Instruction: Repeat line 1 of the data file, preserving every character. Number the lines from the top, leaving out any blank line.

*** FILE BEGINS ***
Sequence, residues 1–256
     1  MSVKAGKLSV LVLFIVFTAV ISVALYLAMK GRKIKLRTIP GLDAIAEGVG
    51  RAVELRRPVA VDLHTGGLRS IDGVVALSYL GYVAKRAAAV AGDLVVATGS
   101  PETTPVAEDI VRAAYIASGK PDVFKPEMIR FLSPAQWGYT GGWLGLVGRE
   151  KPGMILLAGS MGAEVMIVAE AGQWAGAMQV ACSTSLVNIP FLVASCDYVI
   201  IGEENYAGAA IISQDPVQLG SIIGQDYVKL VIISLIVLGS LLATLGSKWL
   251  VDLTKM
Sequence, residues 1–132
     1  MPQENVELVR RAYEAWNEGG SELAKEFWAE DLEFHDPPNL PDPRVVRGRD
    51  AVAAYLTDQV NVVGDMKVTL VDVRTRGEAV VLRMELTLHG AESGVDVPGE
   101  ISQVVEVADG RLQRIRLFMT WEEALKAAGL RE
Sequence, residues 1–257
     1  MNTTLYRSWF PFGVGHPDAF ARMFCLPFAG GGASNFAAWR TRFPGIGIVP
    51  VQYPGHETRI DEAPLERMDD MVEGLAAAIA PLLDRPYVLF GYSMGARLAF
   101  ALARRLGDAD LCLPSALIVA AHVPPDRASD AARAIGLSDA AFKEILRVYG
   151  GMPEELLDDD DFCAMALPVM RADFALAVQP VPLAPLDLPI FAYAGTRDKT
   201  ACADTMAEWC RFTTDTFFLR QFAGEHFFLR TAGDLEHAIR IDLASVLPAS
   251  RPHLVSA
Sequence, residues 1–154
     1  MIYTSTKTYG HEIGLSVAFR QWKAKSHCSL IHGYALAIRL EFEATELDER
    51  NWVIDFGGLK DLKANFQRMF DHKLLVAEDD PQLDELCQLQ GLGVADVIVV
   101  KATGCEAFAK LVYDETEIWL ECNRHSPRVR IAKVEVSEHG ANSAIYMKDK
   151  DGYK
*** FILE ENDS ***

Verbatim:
Sequence, residues 1–256